THREE FUNDAMENTALS There are three fundamental teachings in Amida-shu: The threefold nature of Buddha The twofold nature of the practicer The singular nature of the practice. The Buddha is the object of refuge and source of grace in three ways: as absolute truth, as spiritual presence and as physical manifestation. The practicer is 'bombu' in being fallible and vulnerable. The practice is singular in that nembutsu encompasses all. Taking refuge in Buddha we choose the nembutsu as our single practice and, when we have done so, all practice becomes nembutsu. We take refuge because we realise that we are fallible and vulnerable and incapable of saving ourselves from spiritual danger by our own power unaided. We are able to take refuge because we attain faith by perceiving with our own senses, by having that faith enhanced by spiritual realisation, and by grounding it upon the intuition of absolute truth that lies beyond our immediate comprehension. This summary encompasses the whole doctrinal and practice basis of Amida Pureland. Namo Amida Bu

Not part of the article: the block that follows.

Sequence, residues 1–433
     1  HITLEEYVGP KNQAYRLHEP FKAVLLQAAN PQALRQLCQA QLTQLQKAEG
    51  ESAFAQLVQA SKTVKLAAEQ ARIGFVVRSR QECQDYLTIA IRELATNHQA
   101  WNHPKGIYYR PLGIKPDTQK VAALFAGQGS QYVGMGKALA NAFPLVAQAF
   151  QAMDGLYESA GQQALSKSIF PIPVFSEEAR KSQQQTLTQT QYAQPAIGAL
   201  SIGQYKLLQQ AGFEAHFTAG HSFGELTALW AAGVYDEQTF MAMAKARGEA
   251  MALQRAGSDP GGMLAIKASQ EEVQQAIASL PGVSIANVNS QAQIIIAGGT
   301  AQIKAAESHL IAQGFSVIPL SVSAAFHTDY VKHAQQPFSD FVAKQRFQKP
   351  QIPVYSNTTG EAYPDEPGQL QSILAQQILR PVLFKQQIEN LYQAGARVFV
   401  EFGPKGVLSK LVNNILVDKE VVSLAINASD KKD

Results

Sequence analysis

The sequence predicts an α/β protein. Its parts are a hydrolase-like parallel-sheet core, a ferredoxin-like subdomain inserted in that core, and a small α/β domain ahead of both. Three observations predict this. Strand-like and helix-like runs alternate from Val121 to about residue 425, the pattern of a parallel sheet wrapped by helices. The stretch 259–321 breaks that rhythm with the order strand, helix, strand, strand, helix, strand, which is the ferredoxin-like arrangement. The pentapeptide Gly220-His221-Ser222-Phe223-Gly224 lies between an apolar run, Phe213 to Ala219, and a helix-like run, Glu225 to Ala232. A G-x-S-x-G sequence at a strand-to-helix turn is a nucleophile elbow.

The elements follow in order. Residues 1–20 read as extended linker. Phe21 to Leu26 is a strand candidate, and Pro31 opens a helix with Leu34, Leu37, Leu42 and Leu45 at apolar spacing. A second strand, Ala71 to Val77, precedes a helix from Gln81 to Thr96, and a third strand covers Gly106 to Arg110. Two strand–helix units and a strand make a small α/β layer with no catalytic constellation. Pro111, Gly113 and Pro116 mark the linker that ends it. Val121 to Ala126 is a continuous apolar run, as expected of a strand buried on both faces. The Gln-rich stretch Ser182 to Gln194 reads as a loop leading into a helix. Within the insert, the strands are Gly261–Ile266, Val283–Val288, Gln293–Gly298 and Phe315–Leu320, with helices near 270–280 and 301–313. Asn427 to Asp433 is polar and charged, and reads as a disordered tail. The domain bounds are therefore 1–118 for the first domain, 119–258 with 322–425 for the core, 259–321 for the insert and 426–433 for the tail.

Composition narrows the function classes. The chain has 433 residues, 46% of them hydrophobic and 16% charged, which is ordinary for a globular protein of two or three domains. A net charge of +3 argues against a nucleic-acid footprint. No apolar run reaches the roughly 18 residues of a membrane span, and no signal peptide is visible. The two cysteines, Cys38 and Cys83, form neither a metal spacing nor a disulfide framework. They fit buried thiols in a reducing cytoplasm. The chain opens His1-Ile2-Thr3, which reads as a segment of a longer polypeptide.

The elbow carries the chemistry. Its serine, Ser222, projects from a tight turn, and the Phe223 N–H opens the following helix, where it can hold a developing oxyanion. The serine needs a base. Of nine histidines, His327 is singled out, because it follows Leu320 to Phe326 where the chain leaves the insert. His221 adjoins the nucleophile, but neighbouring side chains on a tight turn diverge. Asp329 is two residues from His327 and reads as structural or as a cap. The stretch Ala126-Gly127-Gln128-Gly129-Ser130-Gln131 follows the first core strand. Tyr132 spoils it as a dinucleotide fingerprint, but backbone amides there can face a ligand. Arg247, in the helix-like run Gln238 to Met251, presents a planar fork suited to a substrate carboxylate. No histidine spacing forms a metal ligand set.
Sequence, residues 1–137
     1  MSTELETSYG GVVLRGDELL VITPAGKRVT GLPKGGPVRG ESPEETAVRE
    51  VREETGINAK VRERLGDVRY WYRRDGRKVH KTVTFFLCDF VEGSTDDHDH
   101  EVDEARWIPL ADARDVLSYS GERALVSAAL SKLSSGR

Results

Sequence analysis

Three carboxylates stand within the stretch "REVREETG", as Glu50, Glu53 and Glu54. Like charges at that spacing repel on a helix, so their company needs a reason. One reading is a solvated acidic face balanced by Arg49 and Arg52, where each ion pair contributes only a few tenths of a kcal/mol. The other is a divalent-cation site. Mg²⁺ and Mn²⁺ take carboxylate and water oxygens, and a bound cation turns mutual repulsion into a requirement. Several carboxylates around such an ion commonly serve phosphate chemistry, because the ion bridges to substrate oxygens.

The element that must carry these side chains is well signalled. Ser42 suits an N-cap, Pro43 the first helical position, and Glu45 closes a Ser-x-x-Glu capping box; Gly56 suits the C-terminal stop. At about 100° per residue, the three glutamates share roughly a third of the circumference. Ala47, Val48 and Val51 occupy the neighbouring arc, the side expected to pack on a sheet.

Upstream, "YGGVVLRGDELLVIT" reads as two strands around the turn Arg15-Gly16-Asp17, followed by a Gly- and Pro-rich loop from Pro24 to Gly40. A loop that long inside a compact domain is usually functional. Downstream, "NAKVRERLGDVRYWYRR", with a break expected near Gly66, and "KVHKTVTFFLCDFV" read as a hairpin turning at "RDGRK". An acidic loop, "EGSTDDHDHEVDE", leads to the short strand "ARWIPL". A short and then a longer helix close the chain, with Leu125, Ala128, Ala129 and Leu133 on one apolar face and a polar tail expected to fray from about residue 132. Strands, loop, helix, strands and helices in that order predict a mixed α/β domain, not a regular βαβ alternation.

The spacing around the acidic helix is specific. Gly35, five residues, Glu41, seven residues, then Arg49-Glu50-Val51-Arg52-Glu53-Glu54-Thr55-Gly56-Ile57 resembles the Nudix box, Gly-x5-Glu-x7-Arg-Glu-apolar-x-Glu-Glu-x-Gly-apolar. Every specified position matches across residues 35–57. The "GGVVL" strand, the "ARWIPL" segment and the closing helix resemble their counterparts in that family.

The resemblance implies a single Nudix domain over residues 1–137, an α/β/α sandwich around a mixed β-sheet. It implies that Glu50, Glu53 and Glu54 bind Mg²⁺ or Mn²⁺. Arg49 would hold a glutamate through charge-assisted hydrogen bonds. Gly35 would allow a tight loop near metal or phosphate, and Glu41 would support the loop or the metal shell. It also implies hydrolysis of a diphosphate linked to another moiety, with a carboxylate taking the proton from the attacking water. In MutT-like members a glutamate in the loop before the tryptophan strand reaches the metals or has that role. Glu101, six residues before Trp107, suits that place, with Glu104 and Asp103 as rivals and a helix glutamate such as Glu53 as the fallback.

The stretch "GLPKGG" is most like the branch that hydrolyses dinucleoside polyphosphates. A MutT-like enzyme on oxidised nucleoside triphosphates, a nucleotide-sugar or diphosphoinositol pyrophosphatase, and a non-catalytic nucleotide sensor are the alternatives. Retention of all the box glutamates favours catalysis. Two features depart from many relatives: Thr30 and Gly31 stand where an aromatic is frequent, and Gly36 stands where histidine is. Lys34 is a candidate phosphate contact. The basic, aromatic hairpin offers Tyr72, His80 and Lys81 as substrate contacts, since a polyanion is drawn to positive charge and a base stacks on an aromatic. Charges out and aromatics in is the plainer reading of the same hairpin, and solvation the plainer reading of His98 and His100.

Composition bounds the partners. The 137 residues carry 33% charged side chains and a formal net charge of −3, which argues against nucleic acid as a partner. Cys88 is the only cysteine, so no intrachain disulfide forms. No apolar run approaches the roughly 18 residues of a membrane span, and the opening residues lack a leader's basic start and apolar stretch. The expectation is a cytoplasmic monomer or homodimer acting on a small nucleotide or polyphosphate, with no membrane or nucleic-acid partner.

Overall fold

A LITTLE BIT OF DOGMA When we conduct ceremonies of admittance to Amida-shu or to the Amida Order individuals commit themselves to working within a doctrinal framework. Amida-shu is defined doctrinally by three axiomatic assertions. These are: 1. The Trikaya nature of Buddha 2. The bombu nature of the adherent 3. Nembutsu as spiritual practice. There is a line of thought that suggests that dogmas are anathema, though, of course, that would itself be a dogma. The presumption is that dogma and rationality conflict. This is wrong. Rationality is not possible without something as dogma. Euclid's rational development of geometry rests entirely upon the dogma that 'the shortest distance between two points is a straight line'. In modern times some people have invented completely new geometries by making a different assumption. Rationality is the means by which conclusions are drawn from something, but the ‘something’ has to be a given - it has to be dogma. If there is no dogma there is no rationality. We find that it is immensely simplifying to be clear about our fundamental axioms. They provide us with a framework within which we can do our spirituality. They mean that we can disagree with one another and have lively debates and do not have to be afraid of the intellect or the mind as some religious groups (and some repressive political parties) are. A person knows that if they work within this frame they are within Amida-shu even if it happens that they disagree with senior members of the order about this or that. This gives us the freedom to be a broad church and lively one while still being quite clear about where our coherence lies. It is not dogma that should be eschewed, it is intolerant behaviour that should be eschewed. This is why we cherish a little bit of dogma - it really is immensely practical. 4